The British International Freight Association (BIFA), the trade association for UK freight forwarding and logistics companies, has criticised the move by some shipping lines, including Maersk, to increase surcharges ahead of the International Maritime Organisation's (IMO) 2020 sulphur regulations.
The comments come after Maersk announced plans to introduce a new bunker adjustment factor (BAF) on January 1, 2019, a full year before the IMO's rules, that prohibit ships from emitting more than 0.5% of sulphur.
According to Maersk, the new surcharges could raise the price of shipping a 40 ft container on the Far East to North Europe route increasing by as much as USD $840, depending on fuel prices.
Commenting on the new charges, Robert Keen, BIFA Director General, said: “By any measure, these are very major increases, and they will be received negatively by BIFA members’ customers.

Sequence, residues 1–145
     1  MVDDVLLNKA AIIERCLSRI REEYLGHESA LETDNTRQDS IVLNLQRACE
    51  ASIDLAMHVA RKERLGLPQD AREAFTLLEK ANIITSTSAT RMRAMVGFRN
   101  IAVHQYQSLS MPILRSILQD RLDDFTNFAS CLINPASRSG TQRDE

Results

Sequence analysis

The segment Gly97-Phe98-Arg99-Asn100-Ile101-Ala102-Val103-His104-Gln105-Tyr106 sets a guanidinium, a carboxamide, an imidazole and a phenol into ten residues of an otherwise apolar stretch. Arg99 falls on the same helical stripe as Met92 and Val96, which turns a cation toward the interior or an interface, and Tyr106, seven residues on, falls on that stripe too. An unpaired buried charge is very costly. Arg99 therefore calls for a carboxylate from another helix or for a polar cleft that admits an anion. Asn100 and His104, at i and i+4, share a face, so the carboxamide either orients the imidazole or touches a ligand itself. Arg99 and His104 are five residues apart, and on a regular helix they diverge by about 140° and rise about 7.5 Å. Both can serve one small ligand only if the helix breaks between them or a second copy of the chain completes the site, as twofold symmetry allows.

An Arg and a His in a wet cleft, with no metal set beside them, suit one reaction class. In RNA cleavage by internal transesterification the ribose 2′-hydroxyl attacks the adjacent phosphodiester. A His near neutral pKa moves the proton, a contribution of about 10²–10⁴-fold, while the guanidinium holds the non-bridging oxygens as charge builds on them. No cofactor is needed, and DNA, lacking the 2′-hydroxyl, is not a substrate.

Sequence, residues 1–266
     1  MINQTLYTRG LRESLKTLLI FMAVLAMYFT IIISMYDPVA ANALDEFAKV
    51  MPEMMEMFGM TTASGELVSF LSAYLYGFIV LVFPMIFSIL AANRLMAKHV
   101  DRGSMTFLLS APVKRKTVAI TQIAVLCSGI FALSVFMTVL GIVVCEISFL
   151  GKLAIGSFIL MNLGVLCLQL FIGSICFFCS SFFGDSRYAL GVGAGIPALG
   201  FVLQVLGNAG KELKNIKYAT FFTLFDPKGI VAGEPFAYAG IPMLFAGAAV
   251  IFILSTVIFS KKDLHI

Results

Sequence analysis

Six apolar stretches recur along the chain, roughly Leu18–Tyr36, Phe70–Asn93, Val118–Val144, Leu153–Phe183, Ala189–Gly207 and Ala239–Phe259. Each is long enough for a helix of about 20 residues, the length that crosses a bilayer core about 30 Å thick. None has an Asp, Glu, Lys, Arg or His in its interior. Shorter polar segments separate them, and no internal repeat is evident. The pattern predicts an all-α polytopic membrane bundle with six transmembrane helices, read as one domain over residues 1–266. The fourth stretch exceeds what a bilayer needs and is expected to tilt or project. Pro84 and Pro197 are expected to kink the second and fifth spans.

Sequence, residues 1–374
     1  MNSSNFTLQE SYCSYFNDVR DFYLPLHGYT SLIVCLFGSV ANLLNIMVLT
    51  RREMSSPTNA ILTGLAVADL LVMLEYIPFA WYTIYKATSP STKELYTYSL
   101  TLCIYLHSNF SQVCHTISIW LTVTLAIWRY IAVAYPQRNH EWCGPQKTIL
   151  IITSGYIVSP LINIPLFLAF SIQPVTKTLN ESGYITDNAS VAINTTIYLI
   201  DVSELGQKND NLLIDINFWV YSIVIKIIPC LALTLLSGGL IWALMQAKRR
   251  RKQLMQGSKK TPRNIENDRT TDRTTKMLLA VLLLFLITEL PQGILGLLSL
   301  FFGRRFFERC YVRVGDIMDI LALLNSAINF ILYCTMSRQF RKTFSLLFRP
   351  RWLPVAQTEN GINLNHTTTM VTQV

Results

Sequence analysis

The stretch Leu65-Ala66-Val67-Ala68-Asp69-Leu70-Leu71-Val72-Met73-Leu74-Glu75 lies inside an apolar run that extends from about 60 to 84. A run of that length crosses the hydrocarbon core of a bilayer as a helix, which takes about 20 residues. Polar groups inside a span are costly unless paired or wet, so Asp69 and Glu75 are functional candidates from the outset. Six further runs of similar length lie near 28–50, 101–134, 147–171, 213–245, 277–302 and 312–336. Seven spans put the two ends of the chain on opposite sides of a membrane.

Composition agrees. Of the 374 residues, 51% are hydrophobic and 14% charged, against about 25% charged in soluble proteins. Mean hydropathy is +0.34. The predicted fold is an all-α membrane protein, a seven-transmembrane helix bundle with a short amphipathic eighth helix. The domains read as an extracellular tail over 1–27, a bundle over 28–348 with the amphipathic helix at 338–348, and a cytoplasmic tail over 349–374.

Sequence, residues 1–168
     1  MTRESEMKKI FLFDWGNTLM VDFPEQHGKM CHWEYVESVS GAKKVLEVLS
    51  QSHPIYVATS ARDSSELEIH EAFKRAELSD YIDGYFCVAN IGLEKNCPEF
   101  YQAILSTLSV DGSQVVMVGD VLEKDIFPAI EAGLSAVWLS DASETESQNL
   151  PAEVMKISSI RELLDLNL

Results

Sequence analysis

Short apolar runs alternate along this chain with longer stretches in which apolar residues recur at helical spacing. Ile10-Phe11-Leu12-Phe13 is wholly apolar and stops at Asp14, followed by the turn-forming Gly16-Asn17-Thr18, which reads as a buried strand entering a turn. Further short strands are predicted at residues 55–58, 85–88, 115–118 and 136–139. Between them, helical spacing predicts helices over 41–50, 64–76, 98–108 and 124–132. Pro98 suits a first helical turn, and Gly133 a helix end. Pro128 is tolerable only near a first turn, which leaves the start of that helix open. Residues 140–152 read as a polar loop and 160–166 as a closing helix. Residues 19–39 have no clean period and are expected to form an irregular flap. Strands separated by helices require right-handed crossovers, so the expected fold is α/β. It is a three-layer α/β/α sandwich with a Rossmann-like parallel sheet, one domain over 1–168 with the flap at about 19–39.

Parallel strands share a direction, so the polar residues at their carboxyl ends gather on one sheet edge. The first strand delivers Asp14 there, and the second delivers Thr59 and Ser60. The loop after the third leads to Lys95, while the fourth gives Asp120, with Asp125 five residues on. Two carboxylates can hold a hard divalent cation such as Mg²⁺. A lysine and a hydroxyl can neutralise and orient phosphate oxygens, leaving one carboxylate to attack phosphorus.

“While the shipping operators may say that the new BAFs are needed to cover the cost of switching to low sulphur fuels or fitting exhaust ‘scrubbers’, rises of this magnitude are unjustified and could be construed as blatant profiteering by shipping lines determined to exploit the situation.
“BIFA members are now faced with the task of explaining yet another surcharge to their customers, and what the rationale behind it is. The sulphur surcharge is bound to be extremely unpopular.
“Sometimes there is an unfair perception that our members are to blame.”